For any clinicians or people who have multiple losses, this can be an important process to provide yourself. We know ourselves based on the vital relationships we have had with others, so honoring those relationships honors our own being.
For those whom I have unparalleled gratitude…
You were a patriot and a badass motorcyclist. You were the most gentle and open person I have ever come across. I couldn’t believe how strong your were the whole way through surgery, radiation and chemo. Those treatments may have stripped you of your biker beard, but they didn’t strip you of your spirit. Whenever I give thanks to veterans or drink a good beer, I raise my glass to you.
You were in so much emotional angst the entire time I knew you, but you didn’t let that angst dictate your life. You were whimsical. You brought back my love for reading. You deserved so much more in life. I hope you are at rest and got that chance to go to Disney World and Universal Studios. I hope to continue reading Stephen King with you.
You and I were just a few years apart. You also had a young family and you were so angry. You had every right to be. Leukemia isn’t fair and you didn’t have to come to terms with that. We talked about anger. We talked about our inner Hulks and how we can channel it for good. It’s our super power. You died much too soon. Your Hulk was always showing through, even towards the end. Hope you are at peace, friend.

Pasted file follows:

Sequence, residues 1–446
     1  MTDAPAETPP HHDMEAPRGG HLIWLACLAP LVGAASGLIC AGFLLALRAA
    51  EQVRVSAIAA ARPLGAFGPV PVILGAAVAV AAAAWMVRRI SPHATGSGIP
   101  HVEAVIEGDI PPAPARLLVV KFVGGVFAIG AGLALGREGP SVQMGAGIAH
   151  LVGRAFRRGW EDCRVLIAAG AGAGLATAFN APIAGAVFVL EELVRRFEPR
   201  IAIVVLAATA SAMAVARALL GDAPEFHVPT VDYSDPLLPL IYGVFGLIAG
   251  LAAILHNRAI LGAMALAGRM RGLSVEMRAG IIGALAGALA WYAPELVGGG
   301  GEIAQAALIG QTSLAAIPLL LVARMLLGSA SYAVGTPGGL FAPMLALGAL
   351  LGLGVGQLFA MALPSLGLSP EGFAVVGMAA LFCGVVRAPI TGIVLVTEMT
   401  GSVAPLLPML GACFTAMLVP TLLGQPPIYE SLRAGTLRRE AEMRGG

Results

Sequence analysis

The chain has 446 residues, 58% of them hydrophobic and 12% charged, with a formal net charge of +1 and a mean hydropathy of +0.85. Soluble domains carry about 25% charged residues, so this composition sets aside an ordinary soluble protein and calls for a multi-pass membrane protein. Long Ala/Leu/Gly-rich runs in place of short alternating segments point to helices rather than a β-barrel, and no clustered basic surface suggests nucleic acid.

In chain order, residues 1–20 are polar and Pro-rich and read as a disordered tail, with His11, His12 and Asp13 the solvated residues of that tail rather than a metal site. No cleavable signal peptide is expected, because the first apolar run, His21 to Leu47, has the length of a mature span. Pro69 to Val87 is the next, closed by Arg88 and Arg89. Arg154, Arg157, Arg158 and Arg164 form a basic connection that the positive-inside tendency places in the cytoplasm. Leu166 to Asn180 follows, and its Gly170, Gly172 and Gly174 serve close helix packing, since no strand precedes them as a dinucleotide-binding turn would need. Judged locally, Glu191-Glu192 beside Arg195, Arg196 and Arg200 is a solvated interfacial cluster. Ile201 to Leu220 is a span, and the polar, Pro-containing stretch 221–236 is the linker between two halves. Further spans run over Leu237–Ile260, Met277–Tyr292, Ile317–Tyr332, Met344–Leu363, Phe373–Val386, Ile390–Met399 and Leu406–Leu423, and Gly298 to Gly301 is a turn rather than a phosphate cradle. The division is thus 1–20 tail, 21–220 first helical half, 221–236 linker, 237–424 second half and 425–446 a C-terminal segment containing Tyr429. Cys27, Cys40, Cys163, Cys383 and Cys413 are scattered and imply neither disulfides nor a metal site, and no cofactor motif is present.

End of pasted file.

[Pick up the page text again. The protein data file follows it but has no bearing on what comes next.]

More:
Our relationship was, unfortunately, only in the ICU setting. You were awaiting a liver transplant. You were too healthy to get listed, but then rapidly declined to the point where you were no longer a candidate for transplant. It. Was. Not. Fair. You had just retired. Again, not fair. We talked of legacy, life lost, regret and we wept. We were four decades apart in age, yet we were on the same plane during our meetings. The human plane.